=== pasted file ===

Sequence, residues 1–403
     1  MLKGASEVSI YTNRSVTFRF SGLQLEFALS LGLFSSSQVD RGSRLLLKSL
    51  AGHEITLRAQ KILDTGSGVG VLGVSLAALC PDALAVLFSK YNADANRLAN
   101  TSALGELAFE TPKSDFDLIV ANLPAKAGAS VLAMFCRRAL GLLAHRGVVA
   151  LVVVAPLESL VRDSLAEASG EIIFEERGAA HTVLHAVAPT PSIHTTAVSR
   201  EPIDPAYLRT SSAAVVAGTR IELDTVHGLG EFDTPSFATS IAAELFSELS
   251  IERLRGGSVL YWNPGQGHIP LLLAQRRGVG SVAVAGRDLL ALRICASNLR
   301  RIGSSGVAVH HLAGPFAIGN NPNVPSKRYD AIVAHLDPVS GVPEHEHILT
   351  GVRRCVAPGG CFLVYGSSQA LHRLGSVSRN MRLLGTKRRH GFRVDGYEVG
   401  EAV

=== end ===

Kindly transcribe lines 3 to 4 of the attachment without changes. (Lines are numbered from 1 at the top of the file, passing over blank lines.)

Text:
    51  AGHEITLRAQ KILDTGSGVG VLGVSLAALC PDALAVLFSK YNADANRLAN
   101  TSALGELAFE TPKSDFDLIV ANLPAKAGAS VLAMFCRRAL GLLAHRGVVA